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Taryn DeLong reviews a new biography of Sigrid Undset, a mother, Catholic convert, and author of Kristin Lavransdatter.

When writer Sigrid Undset converted to Catholicism in 1924, it was a scandal in her home country of Norway. Having read her beloved trilogy Kristin Lavransdatter, published between 1920 and 1922, though, I don’t really know why people were surprised. It is beautifully Catholic, and the first time I read it, I wondered how much the writing of it was part of her conversion. Did she write herself into Catholicism, or were the seeds planted before then? 

A new biography, Sigrid Undset: Reader of Hearts, explores this question. Published by Ignatius Press, it’s written by Father Aidan Nichols, a Dominican friar and former lecturer at Cambridge and Oxford. The biography dives into Undset's intellectual formation, her conversion, and the themes she explores in her writing.


Sigrid Undset Reader of Hearts


I found the most fascinating chapters to be on Undset’s writing and speaking before her conversion. They held hints of where the Holy Spirit seems to have been leading her. Most interesting to me was the way she thought about women and the feminist movement. Like the Church, she opposed contraception, and she wrote that a woman “cannot achieve anything better than being a good mother and nothing worse than being a bad mother.” 

Undset agreed with feminists that mothers can have interests and purpose outside the home. However, she took issue with “the frequently encountered feminist conviction that working in and for the home was, in past times, patriarchally imposed drudgery,” writes Father Nichols. She placed great value on motherhood and homemaking and demonstrated in her own life that a mother could also have a tremendously successful career (even winning the Nobel Prize for literature). She wrote prior to her conversion that Christianity “has given to women the most honorable position they have as yet been assigned.” And, reminiscent of the future Pope St. John Paul II, she viewed motherhood not only as a physical reality but as “a moral and intellectual outlook,” writes Father Nichols. 

Before her conversion, Undset had an affair with a married man, whom she married after he divorced his wife. Their marriage was annulled after they had three children together. Two of her children died before Undset did; one was severely disabled, and the other was killed in action in World War II. Her depiction of motherhood in Kristin Lavransdatter is beautiful and complicated, just as motherhood is. I imagine she must have drawn on her own experiences, but this biography does not go into much detail about Undset as a mother.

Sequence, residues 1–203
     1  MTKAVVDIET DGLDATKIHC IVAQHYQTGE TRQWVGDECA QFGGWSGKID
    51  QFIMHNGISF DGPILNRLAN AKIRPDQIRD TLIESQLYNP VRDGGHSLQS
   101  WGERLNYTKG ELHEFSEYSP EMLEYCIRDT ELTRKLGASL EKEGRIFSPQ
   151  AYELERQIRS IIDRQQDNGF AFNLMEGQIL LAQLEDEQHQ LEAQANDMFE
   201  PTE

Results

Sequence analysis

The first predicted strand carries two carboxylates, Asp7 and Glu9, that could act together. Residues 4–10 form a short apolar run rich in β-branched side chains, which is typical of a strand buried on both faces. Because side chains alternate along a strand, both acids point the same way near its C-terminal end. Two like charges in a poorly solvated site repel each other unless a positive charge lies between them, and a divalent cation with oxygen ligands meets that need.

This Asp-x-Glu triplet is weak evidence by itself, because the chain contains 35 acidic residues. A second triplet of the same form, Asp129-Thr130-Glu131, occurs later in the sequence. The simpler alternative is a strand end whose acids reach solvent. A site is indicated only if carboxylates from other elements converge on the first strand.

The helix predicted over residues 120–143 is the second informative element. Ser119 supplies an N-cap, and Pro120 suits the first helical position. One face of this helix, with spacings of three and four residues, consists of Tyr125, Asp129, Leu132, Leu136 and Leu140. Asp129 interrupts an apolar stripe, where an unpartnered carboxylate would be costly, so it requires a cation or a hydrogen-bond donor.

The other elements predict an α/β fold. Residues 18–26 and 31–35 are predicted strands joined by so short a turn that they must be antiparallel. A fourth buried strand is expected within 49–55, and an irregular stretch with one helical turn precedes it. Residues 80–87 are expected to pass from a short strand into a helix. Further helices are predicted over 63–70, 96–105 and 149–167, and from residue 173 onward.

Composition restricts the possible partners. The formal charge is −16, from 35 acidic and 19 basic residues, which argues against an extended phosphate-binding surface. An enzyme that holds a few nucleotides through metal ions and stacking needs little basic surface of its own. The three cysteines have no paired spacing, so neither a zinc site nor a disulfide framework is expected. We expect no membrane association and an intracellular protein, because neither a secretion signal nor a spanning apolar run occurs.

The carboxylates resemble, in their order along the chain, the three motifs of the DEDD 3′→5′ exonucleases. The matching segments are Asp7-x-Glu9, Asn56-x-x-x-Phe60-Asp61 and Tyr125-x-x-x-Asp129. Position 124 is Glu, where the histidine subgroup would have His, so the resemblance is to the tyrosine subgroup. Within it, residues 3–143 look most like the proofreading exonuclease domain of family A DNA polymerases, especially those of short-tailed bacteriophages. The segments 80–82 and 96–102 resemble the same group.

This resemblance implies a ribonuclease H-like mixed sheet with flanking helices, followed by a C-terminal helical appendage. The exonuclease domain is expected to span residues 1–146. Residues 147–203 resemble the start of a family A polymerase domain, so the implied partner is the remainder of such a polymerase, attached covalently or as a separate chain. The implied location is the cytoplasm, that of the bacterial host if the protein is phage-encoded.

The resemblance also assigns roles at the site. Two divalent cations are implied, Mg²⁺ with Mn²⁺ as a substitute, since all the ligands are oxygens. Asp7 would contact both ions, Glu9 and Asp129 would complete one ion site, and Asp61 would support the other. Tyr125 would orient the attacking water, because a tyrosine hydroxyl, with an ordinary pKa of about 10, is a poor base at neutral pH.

Father Nichols does make it easy to see how a secular Norwegian woman, raised by agnostics in a traditionally Lutheran country, could become Catholic. He shows the shifts in her thinking that made her arrive at the conclusion,

Though it requires the grace of God—that ‘mystical and supernatural power the theologians call Grace’—finding in Jesus Christ the way, the truth, and the life, with the Church as his representative, answers to a radical, indeed inescapable, human need.


 The biography also touches on the impact World War II had on Undset, in addition to causing her to lose one of her sons. Her books had been banned in Nazi Germany due to her speaking out against Nazism and anti-Semitism. When the Nazis invaded Norway, she and her younger son fled to the United States. The Nazis took over her home and used it as officers’ quarters. While in the U.S., Undset spoke and wrote to advocate for action against the Nazis. She also befriended other activists and authors, including Dorothy Day (now a Servant of God). 

Upon finishing Sigrid Undset: Reader of Hearts, I have a better understanding of the beliefs and intellectual development of Sigrid Undset. I still want to learn more about who she was as a wife and mother, but for those interested in philosophy and literature, Father Nichols’ biography is well worth the read.


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Copyright 2022 Taryn M. DeLong
Images: Harald Slott-Møller, Public domain, via Wikimedia Commons; Canva